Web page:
PLoS ONE 06/2014; 9(6):e94661. DOI:10.1371/journal.pone.0094661. · 3.53 Impact Factor
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    ABSTRACT: Progressive supranuclear palsy is a rare parkinsonian disorder with characteristic neurofibrillary pathology consisting of hyperphosphorylated tau protein. Common variation defining the microtubule associated protein tau gene (MAPT) H1 haplotype strongly contributes to disease risk. A recent genome-wide association study (GWAS) revealed 3 novel risk loci on chromosomes 1, 2, and 3 that primarily implicate STX6, EIF2AK3, and MOBP, respectively. Genetic associations, however, rarely lead to direct identification of the relevant functional allele. More often, they are in linkage disequilibrium with the causative polymorphism(s) that could be a coding change or affect gene expression regulatory motifs. To identify any such changes, we sequenced all coding exons of those genes directly implicated by the associations in progressive supranuclear palsy cases and analyzed regional gene expression data from control brains to identify expression quantitative trait loci within 1 Mb of the risk loci. Although we did not find any coding variants underlying the associations, GWAS-associated single-nucleotide polymorphisms at these loci are in complete linkage disequilibrium with haplotypes that completely overlap with the respective genes. Although implication of EIF2AK3 and MOBP could not be fully assessed, we show that the GWAS single-nucleotide polymorphism rs1411478 (STX6) is a strong expression quantitative trait locus with significantly lower expression of STX6 in white matter in carriers of the risk allele.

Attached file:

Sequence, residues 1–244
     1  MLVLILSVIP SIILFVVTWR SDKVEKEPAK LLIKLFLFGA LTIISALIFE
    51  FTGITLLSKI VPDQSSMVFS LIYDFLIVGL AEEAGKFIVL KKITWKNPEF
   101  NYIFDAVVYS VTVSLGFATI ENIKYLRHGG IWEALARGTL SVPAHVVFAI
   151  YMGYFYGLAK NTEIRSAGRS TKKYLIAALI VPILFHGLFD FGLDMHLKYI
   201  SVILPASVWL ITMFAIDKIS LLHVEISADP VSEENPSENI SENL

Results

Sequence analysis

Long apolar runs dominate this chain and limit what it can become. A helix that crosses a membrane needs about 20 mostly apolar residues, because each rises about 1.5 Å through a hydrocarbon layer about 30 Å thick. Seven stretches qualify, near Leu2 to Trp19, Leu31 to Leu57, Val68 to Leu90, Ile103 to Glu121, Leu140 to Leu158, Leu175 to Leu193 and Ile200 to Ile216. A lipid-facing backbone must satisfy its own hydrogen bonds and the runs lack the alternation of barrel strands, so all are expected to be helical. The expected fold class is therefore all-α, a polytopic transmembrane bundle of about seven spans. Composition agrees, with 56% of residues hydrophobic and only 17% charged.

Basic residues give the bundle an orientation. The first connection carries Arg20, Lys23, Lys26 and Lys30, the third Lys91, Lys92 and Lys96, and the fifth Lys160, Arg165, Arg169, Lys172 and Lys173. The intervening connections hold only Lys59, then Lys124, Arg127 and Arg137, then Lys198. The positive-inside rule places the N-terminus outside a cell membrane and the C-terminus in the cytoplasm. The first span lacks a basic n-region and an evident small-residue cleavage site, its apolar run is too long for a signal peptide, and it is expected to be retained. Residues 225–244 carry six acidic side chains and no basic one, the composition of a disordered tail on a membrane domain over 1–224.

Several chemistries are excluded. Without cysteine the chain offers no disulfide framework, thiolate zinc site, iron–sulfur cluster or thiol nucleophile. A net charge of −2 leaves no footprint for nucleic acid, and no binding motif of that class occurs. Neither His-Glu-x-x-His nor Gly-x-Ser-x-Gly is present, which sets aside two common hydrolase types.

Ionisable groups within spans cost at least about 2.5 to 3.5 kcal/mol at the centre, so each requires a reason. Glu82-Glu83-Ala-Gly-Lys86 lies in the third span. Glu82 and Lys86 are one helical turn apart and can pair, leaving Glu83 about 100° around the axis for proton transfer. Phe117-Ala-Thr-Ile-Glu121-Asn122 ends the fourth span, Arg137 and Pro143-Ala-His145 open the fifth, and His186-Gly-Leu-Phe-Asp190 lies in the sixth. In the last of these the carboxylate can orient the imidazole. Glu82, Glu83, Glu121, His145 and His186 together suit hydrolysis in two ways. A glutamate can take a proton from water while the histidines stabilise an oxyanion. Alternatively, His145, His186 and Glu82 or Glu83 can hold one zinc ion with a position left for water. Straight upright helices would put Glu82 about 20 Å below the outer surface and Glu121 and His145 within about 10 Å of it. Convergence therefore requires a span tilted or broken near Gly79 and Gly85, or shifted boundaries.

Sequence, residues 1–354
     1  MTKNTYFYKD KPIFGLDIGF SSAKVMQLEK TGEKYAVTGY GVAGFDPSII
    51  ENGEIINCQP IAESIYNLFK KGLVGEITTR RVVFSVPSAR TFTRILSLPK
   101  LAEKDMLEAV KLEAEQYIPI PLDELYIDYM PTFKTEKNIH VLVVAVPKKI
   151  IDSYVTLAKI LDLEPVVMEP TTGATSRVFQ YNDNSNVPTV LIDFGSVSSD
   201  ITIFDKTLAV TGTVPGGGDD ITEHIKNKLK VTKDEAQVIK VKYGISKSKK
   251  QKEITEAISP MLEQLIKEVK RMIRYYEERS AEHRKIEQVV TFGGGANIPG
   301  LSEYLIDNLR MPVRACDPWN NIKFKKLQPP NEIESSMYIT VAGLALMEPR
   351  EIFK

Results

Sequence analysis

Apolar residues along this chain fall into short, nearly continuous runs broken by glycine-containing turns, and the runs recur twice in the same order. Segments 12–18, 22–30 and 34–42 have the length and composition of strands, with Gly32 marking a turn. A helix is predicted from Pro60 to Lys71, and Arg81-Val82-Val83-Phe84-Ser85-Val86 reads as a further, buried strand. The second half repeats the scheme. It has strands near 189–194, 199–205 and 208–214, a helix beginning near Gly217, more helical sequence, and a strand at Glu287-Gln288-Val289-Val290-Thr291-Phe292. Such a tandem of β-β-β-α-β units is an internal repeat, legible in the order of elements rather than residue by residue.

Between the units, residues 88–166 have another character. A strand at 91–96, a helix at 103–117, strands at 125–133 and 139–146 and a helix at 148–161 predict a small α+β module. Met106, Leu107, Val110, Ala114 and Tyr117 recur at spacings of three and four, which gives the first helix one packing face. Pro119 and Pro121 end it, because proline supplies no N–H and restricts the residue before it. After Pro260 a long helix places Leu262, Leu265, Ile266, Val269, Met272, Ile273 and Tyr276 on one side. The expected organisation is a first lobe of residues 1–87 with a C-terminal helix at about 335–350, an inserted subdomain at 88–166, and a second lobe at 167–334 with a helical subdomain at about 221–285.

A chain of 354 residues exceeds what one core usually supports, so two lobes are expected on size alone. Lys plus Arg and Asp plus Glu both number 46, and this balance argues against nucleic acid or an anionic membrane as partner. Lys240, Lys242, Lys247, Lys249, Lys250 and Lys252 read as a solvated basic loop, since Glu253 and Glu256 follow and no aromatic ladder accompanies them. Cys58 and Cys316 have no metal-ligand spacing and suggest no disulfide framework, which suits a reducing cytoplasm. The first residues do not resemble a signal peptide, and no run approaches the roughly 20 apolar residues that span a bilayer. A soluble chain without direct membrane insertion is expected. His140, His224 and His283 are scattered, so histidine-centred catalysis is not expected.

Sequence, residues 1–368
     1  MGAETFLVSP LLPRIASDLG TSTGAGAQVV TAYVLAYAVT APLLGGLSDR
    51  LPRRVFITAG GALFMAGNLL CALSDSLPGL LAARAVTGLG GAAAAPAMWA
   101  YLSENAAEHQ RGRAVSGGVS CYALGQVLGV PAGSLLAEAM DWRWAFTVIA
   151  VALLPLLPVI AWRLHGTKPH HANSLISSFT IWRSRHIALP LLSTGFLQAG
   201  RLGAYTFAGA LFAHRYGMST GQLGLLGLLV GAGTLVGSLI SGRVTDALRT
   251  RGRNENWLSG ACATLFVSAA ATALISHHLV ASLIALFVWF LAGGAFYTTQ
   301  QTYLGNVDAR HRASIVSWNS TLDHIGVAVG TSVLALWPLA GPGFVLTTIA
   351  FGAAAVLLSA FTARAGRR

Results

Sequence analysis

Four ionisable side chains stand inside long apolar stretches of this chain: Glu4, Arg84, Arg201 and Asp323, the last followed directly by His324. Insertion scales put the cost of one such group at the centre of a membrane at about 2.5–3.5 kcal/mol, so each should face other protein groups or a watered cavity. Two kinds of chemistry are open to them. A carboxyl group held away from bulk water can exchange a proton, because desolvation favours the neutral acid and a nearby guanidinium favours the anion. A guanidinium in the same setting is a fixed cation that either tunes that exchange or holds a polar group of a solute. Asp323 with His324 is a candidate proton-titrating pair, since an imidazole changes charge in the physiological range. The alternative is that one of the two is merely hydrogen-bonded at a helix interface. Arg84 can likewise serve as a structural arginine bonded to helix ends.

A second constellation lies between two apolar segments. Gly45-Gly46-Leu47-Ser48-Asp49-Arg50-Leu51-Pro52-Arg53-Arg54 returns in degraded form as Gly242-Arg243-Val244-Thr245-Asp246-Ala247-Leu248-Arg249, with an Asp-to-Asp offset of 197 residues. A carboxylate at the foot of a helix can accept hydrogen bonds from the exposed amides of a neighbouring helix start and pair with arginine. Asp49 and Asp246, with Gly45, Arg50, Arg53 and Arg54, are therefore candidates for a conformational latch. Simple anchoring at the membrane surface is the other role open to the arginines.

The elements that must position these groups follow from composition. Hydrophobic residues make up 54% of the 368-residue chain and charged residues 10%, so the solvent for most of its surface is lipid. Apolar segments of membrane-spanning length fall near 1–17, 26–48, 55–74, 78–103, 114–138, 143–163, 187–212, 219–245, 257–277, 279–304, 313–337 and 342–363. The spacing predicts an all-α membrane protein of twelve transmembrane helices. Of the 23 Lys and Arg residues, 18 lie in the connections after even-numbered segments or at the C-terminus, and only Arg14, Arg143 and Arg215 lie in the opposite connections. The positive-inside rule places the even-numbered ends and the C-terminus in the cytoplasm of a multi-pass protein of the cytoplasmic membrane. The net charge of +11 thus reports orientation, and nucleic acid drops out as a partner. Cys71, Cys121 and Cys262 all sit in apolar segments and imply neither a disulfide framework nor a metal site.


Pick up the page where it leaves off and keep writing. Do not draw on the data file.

Neurobiology of Aging 06/2014; 35(6):1514.e1–1514.e12. DOI:10.1016/j.neurobiolaging.2014.01.010 · 4.85 Impact Factor
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    ABSTRACT: Here, we describe a nonsense haplotype in PRNP associated with clinical Alzheimer's disease. The patient presented an early-onset of cognitive decline with memory loss as the primary cognitive problem. Whole-exome sequencing revealed a nonsense mutation in PRNP (NM_000311, c.C478T; p.Q160*; rs80356711) associated with homozygosity for the V allele at position 129 of the protein, further highlighting how very similar genotypes in PRNP result in strikingly different phenotypes.
    Neurobiology of Aging 05/2014; 35(11). DOI:10.1016/j.neurobiolaging.2014.05.013 · 4.85 Impact Factor